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PUTNEY — International artists known for their dancing and beatboxing skills are sharing those art forms with local audiences this week.

Amirah Sackett is Next Stage’s 2022 Artist in Residence. She and Ahmed Zaghbouni, also known as MR MiC, “join forces to bring a fun and energetic performance titled ‘BeatBox MEETS Popping,’” according to Next Stage’s website.

Sackett’s hip-hop dancing borrows style from the 1990s and utilizes “popping.”

“Popping is kind of a percussive dance in a way,” she said, citing moves by Michael Jackson as an example. “It’s using the body as an instrument to interpret the music. And it’s a lot of different isolations and muscle control. So the actual pop is a contraction of the muscles. And that makes this kind of jerk in the body.”

Zaghbouni’s uncle was a DJ who introduced him to hip-hop as a child. He also was the type of kid who liked to imitate all kinds of sounds, making it natural for him to attempt to beatbox.

“I love the art form,” he said, crediting Doug E. Fresh with being its godfather. “I was really fascinated by the whole thing.”

As part of his performance, Zaghbouni uses a loop station to layer his beats with different sounds.

The show is part of Next Stage’s Bandwagon Summer Series and will be hosted at New England Center for Circus Arts at 6 p.m. Saturday. Tickets cost $20 in advance, $25 at the door and are free for children younger than 12. More information can be found at nextstagearts.org/event/amirah-sackett.

Sacket and Zaghbouni also will perform at 8 p.m. Friday at The Drake in Amherst, Mass. Information can be found at laudable.productions/events/ amirahsackett-mrmic. Tickets cost $18 and $25 at the door, and $12 with a student ID.

Sackett is a hip-hop dancer, choreographer and educator based in Chicago.

“As a proud Muslim American, she combines Islamic themes with her dance to share the universal beauty of her faith with audiences of different faith backgrounds to promote unity and understanding,” Next Stage said.

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Zaghbouni is an international beatboxer and filmmaker from Tunisia.

“His performance always entertains the audience with disbelief by the sounds he creates only using his mouth and voice as an instrument,” Next Stage said. “He is proud of his Muslim heritage and the Sufi faith traditions native to his home of Tunisia.”

Both artists are “dedicated to preserving and sharing hip-hop culture with the next generation and audiences around the world, as well as being examples of using art for social change,” Next Stage said.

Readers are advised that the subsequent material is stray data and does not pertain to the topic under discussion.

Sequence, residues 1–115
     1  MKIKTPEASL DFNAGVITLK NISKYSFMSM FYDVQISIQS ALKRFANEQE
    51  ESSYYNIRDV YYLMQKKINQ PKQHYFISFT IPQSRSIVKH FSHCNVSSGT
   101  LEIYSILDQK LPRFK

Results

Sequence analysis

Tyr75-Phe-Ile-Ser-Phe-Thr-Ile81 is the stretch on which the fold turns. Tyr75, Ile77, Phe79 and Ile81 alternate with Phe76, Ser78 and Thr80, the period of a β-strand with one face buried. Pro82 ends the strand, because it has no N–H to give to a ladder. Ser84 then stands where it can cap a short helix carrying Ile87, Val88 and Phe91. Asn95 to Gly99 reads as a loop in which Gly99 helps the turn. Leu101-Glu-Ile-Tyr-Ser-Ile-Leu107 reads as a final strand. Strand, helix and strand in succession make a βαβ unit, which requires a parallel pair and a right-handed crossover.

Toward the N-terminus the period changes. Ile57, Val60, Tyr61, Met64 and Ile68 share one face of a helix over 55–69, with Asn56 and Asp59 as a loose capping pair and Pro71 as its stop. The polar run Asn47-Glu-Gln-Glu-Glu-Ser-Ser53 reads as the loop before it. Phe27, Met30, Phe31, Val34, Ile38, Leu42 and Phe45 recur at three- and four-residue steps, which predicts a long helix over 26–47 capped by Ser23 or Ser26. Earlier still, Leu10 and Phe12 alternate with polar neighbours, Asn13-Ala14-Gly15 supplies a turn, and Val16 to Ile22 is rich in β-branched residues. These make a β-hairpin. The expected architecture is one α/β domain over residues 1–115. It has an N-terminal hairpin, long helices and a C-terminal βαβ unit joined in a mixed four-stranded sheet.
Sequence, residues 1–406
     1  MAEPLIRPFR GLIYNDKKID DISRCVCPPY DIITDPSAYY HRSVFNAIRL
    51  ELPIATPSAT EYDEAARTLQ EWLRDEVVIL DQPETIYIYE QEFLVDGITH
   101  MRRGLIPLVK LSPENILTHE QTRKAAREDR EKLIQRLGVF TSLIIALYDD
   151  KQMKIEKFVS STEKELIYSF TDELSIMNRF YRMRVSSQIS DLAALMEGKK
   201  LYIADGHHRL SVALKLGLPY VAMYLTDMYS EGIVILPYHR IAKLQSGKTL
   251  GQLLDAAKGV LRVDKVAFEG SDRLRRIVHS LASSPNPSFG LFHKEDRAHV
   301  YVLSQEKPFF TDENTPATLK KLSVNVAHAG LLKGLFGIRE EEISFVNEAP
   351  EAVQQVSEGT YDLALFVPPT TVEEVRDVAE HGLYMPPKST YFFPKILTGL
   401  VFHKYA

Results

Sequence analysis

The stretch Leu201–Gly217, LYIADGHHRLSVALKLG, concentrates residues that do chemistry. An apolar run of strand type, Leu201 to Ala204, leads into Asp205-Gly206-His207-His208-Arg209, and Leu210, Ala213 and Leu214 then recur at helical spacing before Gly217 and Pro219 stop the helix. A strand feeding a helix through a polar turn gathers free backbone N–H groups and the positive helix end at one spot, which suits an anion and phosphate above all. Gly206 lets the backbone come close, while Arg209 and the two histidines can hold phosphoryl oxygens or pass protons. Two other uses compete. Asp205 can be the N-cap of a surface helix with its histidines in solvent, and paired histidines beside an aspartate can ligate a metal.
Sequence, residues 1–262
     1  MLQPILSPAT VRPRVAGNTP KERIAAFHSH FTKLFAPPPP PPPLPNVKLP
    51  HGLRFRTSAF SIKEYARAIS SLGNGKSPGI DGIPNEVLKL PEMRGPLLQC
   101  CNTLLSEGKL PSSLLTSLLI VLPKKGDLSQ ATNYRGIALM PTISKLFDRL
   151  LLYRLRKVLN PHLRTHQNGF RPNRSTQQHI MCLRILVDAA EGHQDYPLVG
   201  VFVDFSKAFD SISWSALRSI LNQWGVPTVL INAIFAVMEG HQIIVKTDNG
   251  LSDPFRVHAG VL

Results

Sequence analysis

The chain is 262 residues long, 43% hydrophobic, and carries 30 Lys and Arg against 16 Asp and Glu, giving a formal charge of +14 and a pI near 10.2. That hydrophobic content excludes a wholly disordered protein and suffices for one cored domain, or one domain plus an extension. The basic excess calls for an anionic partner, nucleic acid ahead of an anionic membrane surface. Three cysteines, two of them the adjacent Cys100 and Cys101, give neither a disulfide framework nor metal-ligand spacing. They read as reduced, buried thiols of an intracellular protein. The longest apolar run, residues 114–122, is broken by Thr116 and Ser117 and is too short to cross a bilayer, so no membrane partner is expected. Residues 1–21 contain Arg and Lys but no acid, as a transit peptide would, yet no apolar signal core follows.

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A couple of years ago, Sackett came to Vermont for a residency at Sandglass Theater, which specializes in puppetry and is right next to Next Stage in Putney. She was later contacted by Keith Marks, executive director at Next Stage, and she told him about her new work with Zaghbouni. They planned a residency.

Sackett and Zaghbouni have participated in residencies together before. They met while doing another show in Algeria — Sackett was dancing and Zaghbouni was filming — and began making videos of their collaborations.

“We had a lot of downtime,” Sackett said.

When the pandemic hit, the two artists had been involved in “Footsteps in the Dark” at the Kennedy Center in Washington, D.C., and they had even more free time with the shutdown. They continued exploring ideas combining their skills.

They livestreamed a weekly show to bring joy to friends and family, and it brought in a lot of viewers via the MR MiC YouTube channel and social media.

“We started really building a format for a good show and a lot of pieces,” Sackett said.

Last year, they began to hit stages with live performances. They believe they make a great artistic combination.

On Monday, the pair went to the Brattleboro School of Dance. They hosted a children’s workshop and a masterclass in hip hop for adults.

On Tuesday, they held a workshop at Next Stage. They also participated in a question-and-answer panel at Brooks Memorial Library, a workshop at the Boys & Girls Club of Brattleboro and private social events.

One of their main goals is to get children out of their comfort zone, Zaghbouni said. They teach techniques but also allow for freestyling.

“Hip-hop’s a community-based culture,” Sackett said, describing how the practice of making a circle gives each person a chance to participate. “Kids are really fun, because they have so much creativity. So I feel like you can give them a germ of an idea and they can create a whole story with it.”

The artists aim to show beatboxing and dance as a means of expression. Part of their residency also is about relaxing and drawing in some new inspiration.

“It’s so refreshing,” said Zaghbouni, who found time Monday night to record a new piece in a home where the artists are staying for the week. “It came out naturally, literally, it was like a really good track.”

Sackett said she loves Vermont.

“The people are just so friendly and open,” she said. “I always feel everywhere I go, I’ve been welcomed. And I think that there’s just a real focus on the arts here, it seems, and education.”

The artists said they are enjoying collaborating with Next Stage for the residency.


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